Those CES exchanges designated as mutual credit base their currencies on the national currency. This means that they use the national currency to establish the unit of account or unit of value. It does not mean that there is an ‘exchange rate’ between the local and the national currency, or that they are linked or pegged; only that the national currency serves as a reference for pricing. In times of hyper-inflation the use of the national currency as a reference can be abandoned.
Exchanges designated as time banks use time as the unit of account/value. The time unit is usually one hour, but some exchanges use other time units, such as one minute (60 units/hour), 10 minutes (6 units/hour) and 15 minutes (4 units/hour).
In order for international trade to take place and for traders to make sense of prices in other countries, the CES applies conversion rates between the different currencies.
These conversion rates are not based on the money market exchange rates of official currencies as these have very little to do with reality. Instead, the CES uses a base currency of one hour. The conversion rates between time banks are thus easy to calculate, but in the case of mutual credit exchanges an average hourly wage rate is established for the area in which the exchange operates. These national average hourly rates are available from various web sites, but are adjusted by agreement with the administrators of the exchanges in different countries.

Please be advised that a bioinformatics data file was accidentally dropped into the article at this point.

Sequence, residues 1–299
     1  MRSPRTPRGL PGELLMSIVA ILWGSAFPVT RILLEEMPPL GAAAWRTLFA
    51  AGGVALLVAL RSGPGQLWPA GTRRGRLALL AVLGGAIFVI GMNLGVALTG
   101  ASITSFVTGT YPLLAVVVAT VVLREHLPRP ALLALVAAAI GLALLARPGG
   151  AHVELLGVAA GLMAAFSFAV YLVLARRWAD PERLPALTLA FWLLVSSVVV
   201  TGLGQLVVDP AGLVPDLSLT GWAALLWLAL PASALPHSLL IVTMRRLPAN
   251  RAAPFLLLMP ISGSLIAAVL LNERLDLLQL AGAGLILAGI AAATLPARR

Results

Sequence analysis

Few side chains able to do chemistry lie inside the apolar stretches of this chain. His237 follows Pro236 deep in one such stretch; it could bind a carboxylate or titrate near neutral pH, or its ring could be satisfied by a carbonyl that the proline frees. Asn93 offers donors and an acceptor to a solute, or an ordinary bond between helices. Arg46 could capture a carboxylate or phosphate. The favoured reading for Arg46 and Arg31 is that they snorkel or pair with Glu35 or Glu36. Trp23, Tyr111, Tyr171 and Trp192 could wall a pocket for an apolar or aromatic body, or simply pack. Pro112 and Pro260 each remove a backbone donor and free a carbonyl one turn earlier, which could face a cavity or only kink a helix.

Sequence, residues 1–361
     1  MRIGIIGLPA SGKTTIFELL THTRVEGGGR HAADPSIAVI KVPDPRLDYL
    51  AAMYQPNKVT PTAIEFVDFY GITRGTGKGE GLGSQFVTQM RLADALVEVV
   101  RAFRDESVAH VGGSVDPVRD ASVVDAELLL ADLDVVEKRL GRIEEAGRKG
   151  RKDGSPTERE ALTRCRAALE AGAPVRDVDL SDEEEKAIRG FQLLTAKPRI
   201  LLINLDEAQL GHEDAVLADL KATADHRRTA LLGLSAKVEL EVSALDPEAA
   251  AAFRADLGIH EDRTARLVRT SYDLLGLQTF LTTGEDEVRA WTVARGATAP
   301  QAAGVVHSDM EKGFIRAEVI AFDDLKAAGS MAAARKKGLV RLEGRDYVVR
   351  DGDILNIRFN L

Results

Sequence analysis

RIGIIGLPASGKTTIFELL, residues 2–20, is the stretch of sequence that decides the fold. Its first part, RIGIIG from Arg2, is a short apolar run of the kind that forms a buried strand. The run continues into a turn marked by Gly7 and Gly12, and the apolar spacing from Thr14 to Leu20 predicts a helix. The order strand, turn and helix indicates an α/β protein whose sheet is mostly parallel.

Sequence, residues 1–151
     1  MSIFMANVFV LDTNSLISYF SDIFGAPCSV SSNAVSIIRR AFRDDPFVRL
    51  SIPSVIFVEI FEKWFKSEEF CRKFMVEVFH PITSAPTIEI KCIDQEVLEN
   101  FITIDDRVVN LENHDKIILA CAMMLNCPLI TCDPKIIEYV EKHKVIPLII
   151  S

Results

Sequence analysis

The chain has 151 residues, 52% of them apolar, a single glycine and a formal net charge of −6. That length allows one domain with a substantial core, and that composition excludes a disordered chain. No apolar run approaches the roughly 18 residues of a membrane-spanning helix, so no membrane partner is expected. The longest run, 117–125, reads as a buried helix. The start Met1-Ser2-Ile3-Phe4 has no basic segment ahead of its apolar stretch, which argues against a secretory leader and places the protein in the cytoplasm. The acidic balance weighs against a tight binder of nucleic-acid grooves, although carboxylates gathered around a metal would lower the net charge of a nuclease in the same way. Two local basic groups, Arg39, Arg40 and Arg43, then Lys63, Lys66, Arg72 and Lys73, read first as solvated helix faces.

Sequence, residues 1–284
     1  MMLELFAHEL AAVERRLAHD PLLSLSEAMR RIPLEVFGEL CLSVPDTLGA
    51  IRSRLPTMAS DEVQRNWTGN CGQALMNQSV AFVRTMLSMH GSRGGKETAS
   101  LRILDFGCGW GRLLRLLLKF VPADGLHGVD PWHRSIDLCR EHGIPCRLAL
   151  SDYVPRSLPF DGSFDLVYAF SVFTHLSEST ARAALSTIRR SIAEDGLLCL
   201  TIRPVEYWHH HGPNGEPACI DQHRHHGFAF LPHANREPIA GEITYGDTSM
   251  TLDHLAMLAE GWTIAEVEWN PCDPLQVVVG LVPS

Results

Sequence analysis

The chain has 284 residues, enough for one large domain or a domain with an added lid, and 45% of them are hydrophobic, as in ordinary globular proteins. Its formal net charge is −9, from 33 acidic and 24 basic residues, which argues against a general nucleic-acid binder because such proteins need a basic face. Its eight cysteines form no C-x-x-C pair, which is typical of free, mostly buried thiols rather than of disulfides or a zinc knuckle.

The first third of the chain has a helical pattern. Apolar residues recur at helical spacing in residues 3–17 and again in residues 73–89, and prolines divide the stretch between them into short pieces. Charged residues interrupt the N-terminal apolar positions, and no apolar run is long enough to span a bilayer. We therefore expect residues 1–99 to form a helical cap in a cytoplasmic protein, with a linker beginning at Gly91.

In this way much more accurate conversion rates are established. In Europe, for example, instead of having one conversion rate for all European Union countries, the conversion rates vary in accordance with local average hourly wage rates. Thus rates in northern Europe tend to be higher than they are in southern Europe.
As an example, if the average hourly wage rate in a certain area in Germany is 20 Euros per hour and the average hourly wage rate in South Africa is 150 Rand per hour, the conversion rate between the exchange in Germany and the one in South Africa is 20:150, or 1:7.5.
As it is always the seller who enters the transaction information in the CES, conversion rates are only of interest to buyers so that they have some idea of the value of the transaction in their local currency. The seller simply enters the value of the transaction as the quoted local price and does not need to know what the outcome will be for the buyer.
The appropriate conversion rate is automatically applied whenever a trade takes place between two CES exchanges having different conversion rates. The site also displays all conversion rates as well as provides a conversion rate calculator.